Students wearing protective masks raise their hands in a classroom while a teacher is teaching at a public charter school in Provo, Utah, United States on Thursday, August 20, 2020.
George Frey | Bloomberg via Getty Images
The Organization for Economic Co-operation and Development has warned of disruptions in children's education as a result of the coronavirus pandemic, which could mean global economic growth is on average 1.5% lower for the rest of the century.
The intergovernmental economic organization said this projected gross domestic product loss, which measures economic growth, would translate into a total economic loss of $ 15.3 trillion in the US.
This prediction assumed that US students experienced a "corona-induced loss of skills" of one-tenth of a standard deviation and that all cohorts returned to earlier levels thereafter.
The OECD paper published Tuesday, citing data from third-party providers, estimated how the loss of students for a third of the school year would affect the global economy in the long term.
It was estimated that this loss of time in the classroom would lead to a loss of skills, which in turn would have a negative impact on productivity. As a result, the total cost of absenteeism could be 69% of the typical country's current GDP, according to the OECD.
However, that prediction assumed that only the current cohort of students would be affected by the closings and that future students would resume normal schooling.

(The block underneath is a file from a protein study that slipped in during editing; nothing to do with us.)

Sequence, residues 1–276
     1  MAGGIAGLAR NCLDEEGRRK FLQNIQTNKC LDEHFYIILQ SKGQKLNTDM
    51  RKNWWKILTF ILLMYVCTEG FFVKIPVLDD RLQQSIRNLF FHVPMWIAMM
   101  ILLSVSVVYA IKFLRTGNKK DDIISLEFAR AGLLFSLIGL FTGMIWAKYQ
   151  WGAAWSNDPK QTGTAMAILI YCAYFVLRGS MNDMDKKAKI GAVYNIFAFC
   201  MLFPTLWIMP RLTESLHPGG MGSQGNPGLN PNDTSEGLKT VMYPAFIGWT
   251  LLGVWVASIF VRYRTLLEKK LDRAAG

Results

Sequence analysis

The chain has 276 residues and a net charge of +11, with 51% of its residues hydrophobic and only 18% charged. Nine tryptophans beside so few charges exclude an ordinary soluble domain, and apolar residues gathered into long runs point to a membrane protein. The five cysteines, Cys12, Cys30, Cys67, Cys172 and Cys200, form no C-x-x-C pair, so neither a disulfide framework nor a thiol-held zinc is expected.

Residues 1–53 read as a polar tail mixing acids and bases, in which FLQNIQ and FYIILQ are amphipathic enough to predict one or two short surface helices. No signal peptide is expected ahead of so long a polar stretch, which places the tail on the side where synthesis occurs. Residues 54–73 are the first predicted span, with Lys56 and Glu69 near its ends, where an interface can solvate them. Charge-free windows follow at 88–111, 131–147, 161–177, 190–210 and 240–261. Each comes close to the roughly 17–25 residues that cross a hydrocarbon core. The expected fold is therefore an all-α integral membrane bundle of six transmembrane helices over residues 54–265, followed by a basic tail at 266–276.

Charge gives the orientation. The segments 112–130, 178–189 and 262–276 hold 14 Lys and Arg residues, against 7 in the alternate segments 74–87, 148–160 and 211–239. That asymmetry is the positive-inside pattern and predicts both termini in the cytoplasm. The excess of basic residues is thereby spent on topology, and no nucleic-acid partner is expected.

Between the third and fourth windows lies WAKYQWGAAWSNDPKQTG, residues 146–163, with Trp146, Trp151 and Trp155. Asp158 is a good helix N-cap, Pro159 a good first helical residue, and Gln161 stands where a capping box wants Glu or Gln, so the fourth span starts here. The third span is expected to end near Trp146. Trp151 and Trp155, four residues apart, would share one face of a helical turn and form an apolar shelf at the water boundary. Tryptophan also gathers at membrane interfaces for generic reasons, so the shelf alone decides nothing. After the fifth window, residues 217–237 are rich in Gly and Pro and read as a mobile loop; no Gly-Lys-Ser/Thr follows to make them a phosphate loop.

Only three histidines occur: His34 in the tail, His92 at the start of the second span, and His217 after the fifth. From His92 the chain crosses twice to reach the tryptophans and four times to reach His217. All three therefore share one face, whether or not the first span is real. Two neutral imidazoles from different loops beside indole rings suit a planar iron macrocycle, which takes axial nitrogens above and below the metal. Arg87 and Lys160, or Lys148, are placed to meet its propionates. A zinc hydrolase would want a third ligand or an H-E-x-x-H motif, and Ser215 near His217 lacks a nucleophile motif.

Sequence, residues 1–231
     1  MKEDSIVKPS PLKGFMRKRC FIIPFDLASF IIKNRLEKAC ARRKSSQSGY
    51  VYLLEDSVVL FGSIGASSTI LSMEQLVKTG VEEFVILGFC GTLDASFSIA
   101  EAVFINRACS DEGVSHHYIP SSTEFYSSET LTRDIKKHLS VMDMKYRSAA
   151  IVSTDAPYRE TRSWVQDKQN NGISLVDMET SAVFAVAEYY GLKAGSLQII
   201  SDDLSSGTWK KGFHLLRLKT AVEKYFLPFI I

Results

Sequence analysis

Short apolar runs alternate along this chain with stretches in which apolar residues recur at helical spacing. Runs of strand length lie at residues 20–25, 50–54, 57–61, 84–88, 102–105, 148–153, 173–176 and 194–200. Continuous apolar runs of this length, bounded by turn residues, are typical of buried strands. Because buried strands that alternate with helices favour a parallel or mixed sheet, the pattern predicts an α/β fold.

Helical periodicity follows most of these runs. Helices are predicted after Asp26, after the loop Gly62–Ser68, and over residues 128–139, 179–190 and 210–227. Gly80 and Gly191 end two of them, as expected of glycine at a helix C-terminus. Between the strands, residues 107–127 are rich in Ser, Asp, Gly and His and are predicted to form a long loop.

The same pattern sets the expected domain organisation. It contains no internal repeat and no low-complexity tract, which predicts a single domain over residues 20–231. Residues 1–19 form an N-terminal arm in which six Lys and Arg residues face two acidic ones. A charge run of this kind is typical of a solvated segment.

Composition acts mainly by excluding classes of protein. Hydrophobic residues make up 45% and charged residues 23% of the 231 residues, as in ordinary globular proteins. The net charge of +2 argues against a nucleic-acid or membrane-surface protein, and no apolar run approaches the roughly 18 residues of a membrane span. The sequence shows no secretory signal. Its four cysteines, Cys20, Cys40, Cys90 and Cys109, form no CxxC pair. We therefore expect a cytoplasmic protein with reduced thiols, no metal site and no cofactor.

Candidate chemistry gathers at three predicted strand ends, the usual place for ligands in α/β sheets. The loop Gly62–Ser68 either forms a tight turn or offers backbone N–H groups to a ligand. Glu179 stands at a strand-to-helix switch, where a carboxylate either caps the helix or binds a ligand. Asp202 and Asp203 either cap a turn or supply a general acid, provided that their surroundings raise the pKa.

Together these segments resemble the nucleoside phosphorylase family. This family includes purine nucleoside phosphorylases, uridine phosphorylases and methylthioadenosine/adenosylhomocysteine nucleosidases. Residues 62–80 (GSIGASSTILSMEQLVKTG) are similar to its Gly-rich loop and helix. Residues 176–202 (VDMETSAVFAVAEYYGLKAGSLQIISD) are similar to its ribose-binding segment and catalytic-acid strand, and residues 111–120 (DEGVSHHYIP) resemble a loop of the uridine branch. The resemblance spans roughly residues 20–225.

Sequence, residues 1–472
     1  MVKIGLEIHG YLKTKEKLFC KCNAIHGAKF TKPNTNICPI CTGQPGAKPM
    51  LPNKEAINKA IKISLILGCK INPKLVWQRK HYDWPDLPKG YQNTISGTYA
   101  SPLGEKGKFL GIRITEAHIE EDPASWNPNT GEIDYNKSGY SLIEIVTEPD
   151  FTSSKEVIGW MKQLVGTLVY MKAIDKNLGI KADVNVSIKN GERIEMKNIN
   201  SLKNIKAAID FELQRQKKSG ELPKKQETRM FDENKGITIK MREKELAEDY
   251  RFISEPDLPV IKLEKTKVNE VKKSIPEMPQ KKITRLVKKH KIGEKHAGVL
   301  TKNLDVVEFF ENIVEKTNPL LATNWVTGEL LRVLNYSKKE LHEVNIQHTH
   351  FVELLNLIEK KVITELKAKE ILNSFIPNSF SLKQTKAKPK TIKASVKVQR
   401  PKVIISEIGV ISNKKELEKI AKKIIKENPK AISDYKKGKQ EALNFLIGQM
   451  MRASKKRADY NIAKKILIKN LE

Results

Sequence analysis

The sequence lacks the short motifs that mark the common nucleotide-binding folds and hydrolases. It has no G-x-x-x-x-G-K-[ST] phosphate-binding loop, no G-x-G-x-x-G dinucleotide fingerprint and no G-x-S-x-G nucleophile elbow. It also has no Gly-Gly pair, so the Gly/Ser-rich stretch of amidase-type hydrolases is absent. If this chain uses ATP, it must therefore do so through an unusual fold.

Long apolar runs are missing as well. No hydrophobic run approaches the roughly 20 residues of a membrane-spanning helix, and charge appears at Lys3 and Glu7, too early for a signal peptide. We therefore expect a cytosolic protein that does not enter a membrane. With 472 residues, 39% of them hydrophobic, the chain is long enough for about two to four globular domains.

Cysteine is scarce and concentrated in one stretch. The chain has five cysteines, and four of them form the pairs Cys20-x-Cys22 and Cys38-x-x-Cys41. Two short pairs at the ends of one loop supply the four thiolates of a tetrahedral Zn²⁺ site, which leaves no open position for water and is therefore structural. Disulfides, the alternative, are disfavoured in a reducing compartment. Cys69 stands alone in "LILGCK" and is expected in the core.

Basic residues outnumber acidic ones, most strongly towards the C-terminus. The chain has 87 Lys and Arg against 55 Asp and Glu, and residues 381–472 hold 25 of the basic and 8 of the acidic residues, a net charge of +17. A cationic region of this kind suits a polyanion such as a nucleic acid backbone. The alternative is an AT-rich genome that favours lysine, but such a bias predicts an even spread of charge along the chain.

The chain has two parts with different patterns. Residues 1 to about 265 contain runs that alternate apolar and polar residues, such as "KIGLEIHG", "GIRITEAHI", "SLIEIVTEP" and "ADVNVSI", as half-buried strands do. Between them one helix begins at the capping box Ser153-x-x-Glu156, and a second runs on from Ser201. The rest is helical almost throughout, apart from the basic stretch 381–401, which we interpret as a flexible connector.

The OECD said the losses to economic growth could be "proportionally higher" if schools were slow to return to "previous levels".
For months, the majority of children around the world have been home schooled and many schools are only open to children of key workers. However, concerns have been expressed that this era of homeschooling may have exacerbated the learning gaps already exposed by the pandemic.
The OECD said that while educators made a concerted effort to maintain learning during this period of homeschooling, children had to rely more on their own resources to learn from a distance. In the meantime, teachers had to adjust their methods to teach students in ways that they might not have been trained.
One suggestion in the paper to limit further setbacks in education in the absence of a generally available vaccine was to further expand the infrastructure for distance learning.
Beyond the pandemic, the OECD said, "There are obvious benefits to students in expanding their study time and opportunities beyond the school gate by allowing them to learn using a variety of distance learning approaches."